What do you think?

When we have \(B=x^p*y^q*z^r\) we can say that prime factors of B are x, y, and z, which is the same as distinct prime factors of B. When you say that primes are x, p times it still means that the prime is only x, as x in any power higher than 1 is not the prime any more.
_________________

How the two statements, A and B are different? What I understood from the options are - only the values of the factors for B are same as A and not the quantity.

Could you please explain. I chose E. The way you interpreted for option B, I interpreted for option A as well. Hence found the data to be insufficient.

How the two statements, A and B are different? What I understood from the options are - only the values of the factors for B are same as A and not the quantity.

Could you please explain. I chose E. The way you interpreted for option B, I interpreted for option A as well. Hence found the data to be insufficient.

Thanks.

Statement (1) says: every factor of B is also a factor of A, as B is a factor of B itself, then it means that B is a factor of A. So in fraction A/B, B will just be reduced and we get an integer.

I chose for D. Considering that both are sufficient but as you have mentioned the powers of prime factor in the denominator can be greater than numerator which results a fraction... Got it...

1) Each factor of S is also a factor of R ==> R is a multiple of S Sufficient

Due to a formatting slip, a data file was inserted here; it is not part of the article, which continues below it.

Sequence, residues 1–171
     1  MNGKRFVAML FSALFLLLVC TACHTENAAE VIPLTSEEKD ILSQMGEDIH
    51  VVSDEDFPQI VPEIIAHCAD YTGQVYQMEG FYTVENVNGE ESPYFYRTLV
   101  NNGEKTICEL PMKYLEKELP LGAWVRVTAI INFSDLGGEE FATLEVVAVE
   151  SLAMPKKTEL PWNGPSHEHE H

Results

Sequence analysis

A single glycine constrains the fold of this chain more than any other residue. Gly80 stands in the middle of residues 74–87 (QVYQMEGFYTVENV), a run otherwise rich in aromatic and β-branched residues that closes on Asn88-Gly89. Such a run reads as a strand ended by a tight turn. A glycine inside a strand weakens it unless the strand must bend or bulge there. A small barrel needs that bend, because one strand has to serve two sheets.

2) Every prime factor of S is also a prime factor of R ==> Insuff. R & S might have prime factors : 2,3 ... but when R/S Example: 4 * 9/81*4 is not an integer

1) Each factor of S is also a factor of R ==> R is a multiple of S Sufficient

2) Every prime factor of S is also a prime factor of R ==> Insuff. R & S might have prime factors : 2,3 ... but when R/S Example: 4 * 9/81*4 is not an integer

1. Obvious rule for division. Suff. 2. If r = 2x3x7 and s=2x3x7, good. If r = 2x3x7 and s=2x3x7x7, not good. Insuff.

A.
_________________

I am the master of my fate. I am the captain of my soul. Please consider giving +1 Kudos if deserved!

DS - If negative answer only, still sufficient. No need to find exact solution. PS - Always look at the answers first CR - Read the question stem first, hunt for conclusion SC - Meaning first, Grammar second RC - Mentally connect paragraphs as you proceed. Short = 2min, Long = 3-4 min

Re: If r and s are positive integers, is r/s an integer? [#permalink]

Show Tags

03 Oct 2014, 23:01

Hello from the GMAT Club BumpBot!

Thanks to another GMAT Club member, I have just discovered this valuable topic, yet it had no discussion for over a year. I am now bumping it up - doing my job. I think you may find it valuable (esp those replies with Kudos).

Want to see all other topics I dig out? Follow me (click follow button on profile). You will receive a summary of all topics I bump in your profile area as well as via email.
_________________

Re: If r and s are positive integers, is r/s an integer? [#permalink]

Show Tags

05 Nov 2015, 06:47

Hello from the GMAT Club BumpBot!

Thanks to another GMAT Club member, I have just discovered this valuable topic, yet it had no discussion for over a year. I am now bumping it up - doing my job. I think you may find it valuable (esp those replies with Kudos).

Want to see all other topics I dig out? Follow me (click follow button on profile). You will receive a summary of all topics I bump in your profile area as well as via email.
_________________

Best Schools for Young MBA Applicants Deciding when to start applying to business school can be a challenge. Salary increases dramatically after an MBA, but schools tend to prefer...

Marty Cagan is founding partner of the Silicon Valley Product Group, a consulting firm that helps companies with their product strategy. Prior to that he held product roles at...